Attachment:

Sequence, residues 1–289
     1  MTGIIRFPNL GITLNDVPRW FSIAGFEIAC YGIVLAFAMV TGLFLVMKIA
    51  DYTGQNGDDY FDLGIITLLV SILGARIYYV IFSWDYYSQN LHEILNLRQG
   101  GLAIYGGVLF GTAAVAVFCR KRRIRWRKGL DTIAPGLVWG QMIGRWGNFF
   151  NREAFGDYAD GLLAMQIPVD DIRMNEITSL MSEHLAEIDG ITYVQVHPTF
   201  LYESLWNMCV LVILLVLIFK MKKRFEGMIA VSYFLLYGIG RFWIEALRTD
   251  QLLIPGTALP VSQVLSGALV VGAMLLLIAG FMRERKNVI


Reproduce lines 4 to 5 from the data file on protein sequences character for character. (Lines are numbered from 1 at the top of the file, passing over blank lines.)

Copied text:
   101  GLAIYGGVLF GTAAVAVFCR KRRIRWRKGL DTIAPGLVWG QMIGRWGNFF
   151  NREAFGDYAD GLLAMQIPVD DIRMNEITSL MSEHLAEIDG ITYVQVHPTF